Coinciding with the re-release of Watchmen “Ultimate Cut” on Blu-ray this week, director Zack Snyder spoke with L.A. Times about the serious tone we can expect in Man of Steel.
“It’s a more serious version of Superman,” he says. “It’s not like a heart attack. We took the mythology seriously. We take him as a character seriously. I believe the movie would appeal to anyone. I think that you’re going to see a Superman you’ve never seen before. We approached it as though no other films had been made. He’s the king-daddy. Honestly that’s why I wanted to do it. I’m interested in Superman because he’s the father of all superheroes. He’s this amazing ambassador for all superheroes. What was it about him that cracked the code that made pop culture embrace this other mythology? What we’ve made as a film not only examines that but is also an amazing adventure story. It’s been an honor to work on. As a comic book fan, Superman is like the Rosetta Stone of all superheroes. I wanted to be sure the movie treated it respectfully.”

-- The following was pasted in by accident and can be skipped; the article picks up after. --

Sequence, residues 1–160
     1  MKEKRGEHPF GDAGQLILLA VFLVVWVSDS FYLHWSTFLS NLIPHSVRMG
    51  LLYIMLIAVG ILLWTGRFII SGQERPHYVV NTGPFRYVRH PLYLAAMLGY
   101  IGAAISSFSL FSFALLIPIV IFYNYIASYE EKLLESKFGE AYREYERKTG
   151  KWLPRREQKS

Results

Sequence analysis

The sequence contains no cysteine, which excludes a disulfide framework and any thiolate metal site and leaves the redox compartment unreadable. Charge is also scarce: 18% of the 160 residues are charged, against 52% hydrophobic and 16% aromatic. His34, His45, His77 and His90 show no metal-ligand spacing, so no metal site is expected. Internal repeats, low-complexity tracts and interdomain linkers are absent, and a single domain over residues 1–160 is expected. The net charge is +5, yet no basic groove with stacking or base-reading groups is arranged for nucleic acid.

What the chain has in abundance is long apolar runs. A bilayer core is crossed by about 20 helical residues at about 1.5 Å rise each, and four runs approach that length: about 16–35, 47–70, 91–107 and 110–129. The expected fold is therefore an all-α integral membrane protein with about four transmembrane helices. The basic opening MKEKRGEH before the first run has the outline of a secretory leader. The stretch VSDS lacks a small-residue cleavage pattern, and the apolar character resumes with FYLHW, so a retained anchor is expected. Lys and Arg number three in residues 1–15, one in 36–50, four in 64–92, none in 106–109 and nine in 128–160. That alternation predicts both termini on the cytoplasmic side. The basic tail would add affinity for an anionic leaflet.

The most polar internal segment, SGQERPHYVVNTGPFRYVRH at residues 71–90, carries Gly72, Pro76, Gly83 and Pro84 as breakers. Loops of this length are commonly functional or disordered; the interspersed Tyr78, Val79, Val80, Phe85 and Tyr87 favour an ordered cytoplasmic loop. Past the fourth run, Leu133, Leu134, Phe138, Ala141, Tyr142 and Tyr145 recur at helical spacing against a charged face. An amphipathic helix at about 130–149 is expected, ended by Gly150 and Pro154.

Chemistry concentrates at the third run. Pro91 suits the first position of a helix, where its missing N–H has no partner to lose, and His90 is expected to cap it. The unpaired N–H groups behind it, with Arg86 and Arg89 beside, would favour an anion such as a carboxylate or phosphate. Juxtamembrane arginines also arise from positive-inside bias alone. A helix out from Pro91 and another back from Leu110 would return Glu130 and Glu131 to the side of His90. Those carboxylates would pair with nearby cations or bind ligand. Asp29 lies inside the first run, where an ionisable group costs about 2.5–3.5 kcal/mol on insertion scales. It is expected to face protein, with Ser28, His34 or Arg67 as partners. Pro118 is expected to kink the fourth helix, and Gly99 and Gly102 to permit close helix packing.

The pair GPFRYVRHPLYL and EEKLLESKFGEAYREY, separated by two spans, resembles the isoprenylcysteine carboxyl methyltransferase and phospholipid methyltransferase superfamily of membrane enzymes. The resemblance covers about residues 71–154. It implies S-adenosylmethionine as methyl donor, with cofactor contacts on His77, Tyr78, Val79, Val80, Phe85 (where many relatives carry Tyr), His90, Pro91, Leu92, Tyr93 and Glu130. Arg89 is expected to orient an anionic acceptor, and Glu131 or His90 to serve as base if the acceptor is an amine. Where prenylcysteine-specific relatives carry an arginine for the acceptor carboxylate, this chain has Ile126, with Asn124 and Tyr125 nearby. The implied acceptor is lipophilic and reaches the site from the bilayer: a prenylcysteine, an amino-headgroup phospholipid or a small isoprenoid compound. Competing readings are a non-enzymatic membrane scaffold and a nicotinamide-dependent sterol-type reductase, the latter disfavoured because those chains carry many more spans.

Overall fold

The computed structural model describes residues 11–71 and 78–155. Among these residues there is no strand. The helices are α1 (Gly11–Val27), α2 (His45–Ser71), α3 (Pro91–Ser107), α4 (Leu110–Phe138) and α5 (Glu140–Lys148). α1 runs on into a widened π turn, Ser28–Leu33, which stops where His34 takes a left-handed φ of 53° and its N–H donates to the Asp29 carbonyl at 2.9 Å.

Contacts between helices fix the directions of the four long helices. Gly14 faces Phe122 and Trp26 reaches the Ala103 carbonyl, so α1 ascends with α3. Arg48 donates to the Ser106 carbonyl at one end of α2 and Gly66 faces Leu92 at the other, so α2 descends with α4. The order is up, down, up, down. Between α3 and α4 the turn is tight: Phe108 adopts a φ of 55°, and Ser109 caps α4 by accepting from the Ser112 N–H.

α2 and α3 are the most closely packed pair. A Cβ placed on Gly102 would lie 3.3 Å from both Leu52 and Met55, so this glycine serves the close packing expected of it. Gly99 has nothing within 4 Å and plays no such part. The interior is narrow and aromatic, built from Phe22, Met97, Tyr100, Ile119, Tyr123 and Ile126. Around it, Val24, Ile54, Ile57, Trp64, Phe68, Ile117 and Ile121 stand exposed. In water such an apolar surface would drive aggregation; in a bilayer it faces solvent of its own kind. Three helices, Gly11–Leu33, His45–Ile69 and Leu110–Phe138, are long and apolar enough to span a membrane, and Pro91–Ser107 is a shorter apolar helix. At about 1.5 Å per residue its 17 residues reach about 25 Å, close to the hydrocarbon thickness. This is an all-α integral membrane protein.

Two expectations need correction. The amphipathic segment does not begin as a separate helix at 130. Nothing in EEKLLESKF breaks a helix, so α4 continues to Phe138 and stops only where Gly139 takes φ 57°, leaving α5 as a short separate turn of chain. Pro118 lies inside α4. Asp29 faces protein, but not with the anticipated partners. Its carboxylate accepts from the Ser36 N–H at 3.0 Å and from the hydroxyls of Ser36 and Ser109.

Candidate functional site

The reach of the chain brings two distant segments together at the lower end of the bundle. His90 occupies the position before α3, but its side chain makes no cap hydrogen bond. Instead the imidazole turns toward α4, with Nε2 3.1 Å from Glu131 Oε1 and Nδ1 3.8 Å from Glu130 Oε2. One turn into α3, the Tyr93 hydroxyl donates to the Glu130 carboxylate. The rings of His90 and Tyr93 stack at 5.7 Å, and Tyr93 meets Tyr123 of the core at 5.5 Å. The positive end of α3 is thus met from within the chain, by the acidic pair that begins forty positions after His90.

Well, that was nice. Hearing Snyder speak about the character with such vigor is convincing. Truthfully, I believe Snyder has a better understanding of Superman than most.
Supes is a hard egg to crack. Literally, he’s indestructible. Quite frankly, though, he’s not as compelling as other superheroes out there. Simply for the fact that he lacks conflict. Think about it, interest comes from tension, and tension from conflict. Yes, Supes has had few moral dilemmas here and there, but truly, what affecting conflict do you find in an indestructible, incorruptible, morally absolute, god-like character? Not much, I’ll tell you.
Snyder took one of the most horrendous jobs ever… making Superman interesting. Perhaps Snyder has crafted a version of Superman that can finally be seen as one of us. A man with more vulnerable weaknesses than just a stick of kryptonite.
Man of Steel, starring Henry Cavill, Amy Adams, Michael Shannon, Kevin Costner, Diane Lane, Laurence Fishburne, Antje Traue, Ayelet Zurer, Christopher Meloni, Harry Lennix, Michael Kelly, Richard Shiff, Russell Crow and written by David S. Goyer hits theaters June 14th, 2013.
Source: L.A. Times